A nonprofit law firm has identified more than 200 people who died in Washington jails over the course of nearly 12 years, finding lapses in supervision, medical and mental health care, suicide prevention and protocols for treating drug withdrawal and overdoses.
Columbia Legal Services, which has offices across the state, obtained thousands of pages of records from 54 city, county and regional jails and detailed its findings in a 31-page report released this week.
The investigation found 210 people, ages 18 to 82, who died in jails in the state from January 2005 to June 2016.
“Many of these deaths are entirely avoidable, caused in part by society’s failure to properly care for the many people with mental illness, traumatic brain injuries, cognitive disabilities and substance use disorders who end up behind bars,” the report states.
“Faced with the chronic failure of federal, state and local governments to properly fund essential services, jails struggle to maintain order and treat all people humanely, respectfully and safely.”
The report refers to 24-year-old Lindsay Kronberger, who spent nine days suffering from heroin withdrawal before dying of cardiac arrest in the Snohomish County Jail in 2014. It also refers to Christopher Parker, a 33-year-old diabetic man who died at the Spokane County Jail after taking methamphetamine and being placed in a restraint chair in 2013.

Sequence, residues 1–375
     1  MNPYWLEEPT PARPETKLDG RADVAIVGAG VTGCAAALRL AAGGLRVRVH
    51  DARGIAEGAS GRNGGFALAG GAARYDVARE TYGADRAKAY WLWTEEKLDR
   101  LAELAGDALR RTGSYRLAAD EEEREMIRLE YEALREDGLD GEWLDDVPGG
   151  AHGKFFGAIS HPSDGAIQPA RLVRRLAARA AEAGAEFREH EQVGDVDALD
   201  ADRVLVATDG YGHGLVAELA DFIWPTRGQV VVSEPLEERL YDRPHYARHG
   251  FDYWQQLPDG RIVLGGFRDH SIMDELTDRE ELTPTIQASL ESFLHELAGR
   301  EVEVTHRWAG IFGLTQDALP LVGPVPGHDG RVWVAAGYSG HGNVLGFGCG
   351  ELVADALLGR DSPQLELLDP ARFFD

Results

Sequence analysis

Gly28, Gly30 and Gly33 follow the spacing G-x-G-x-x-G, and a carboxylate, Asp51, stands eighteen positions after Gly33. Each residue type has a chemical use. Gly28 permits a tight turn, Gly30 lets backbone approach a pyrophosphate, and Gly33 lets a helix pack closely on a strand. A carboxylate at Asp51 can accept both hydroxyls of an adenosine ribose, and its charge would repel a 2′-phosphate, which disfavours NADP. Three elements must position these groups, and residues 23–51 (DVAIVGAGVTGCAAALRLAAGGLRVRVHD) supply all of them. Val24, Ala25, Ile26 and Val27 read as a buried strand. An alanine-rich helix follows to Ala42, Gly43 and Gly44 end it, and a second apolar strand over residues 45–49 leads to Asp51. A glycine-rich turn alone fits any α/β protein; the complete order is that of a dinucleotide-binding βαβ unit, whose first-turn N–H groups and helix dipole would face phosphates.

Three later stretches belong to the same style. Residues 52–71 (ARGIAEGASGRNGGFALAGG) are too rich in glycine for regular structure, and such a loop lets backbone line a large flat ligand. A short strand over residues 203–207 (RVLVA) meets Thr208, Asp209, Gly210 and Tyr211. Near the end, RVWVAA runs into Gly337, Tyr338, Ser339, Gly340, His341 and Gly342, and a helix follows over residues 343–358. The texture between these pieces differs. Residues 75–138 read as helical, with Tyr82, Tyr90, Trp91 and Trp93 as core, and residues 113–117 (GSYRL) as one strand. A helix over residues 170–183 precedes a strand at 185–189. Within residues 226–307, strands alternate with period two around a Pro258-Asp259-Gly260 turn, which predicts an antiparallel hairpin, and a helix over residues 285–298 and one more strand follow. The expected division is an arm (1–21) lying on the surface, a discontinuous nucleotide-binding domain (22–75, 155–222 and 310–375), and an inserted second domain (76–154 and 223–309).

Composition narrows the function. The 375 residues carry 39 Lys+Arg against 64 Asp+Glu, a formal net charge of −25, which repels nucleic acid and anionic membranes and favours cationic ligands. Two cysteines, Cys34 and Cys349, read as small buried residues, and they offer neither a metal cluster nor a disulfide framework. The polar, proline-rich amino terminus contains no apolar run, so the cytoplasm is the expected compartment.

Columbia Legal Services found that some people died by suicide after corrections officers placed them in isolation cells, exacerbating their mental health crises. Neglect, use of force and failure to treat drug and alcohol problems also were factors in some deaths, the law firm found.
Twenty of the inmates counted in the report died in the Spokane County Jail, which has since recorded eight additional deaths. Only three other counties had higher death tolls.
King County – which holds more than twice as many inmates as Spokane County – recorded 33 deaths. Pierce and Clark counties each had 22.
The report follows a public radio investigation published in April that found 306 jail deaths in Washington and Oregon from 2008 to 2018.
“We have too many people locked up in jails for the wrong reasons,” said Nick Straley, a Columbia Legal Services attorney who authored the report. “We’ve criminalized mental health disorders and substance use disorders, and placed people who suffer from those conditions behind bars rather than in much more appropriate community-based treatment facilities.”
According to the report, Washington is one of 17 states where local and county jails have no oversight at the state level.
“In fact, no state agency has the authority to supervise local jails,” Straley said. “So we think that there needs to be some level of supervision and transparency to allow the public and appropriate agencies to ensure that what’s happening behind jail walls is as humane and appropriate as possible.”
The report recommends systemic changes aimed at preventing jail deaths:
Increase the use of diversion programs.
End the use of cash bail to keep people incarcerated before trial.
Stop isolating inmates who threaten suicide.
Improve community-based treatment and housing options.
Train jail staff on crisis intervention and de-escalation techniques.
Establish statewide standards, monitoring and reporting requirements.
Establish protocols for treating withdrawal and overdoses, including the use of medication.
Improve health screenings at the time of booking.
Fund jail staff to ensure adequate supervision and care.
“Implementing these relatively few reforms will dramatically reduce the number of people injured, disabled or killed in our jails,” the report states.
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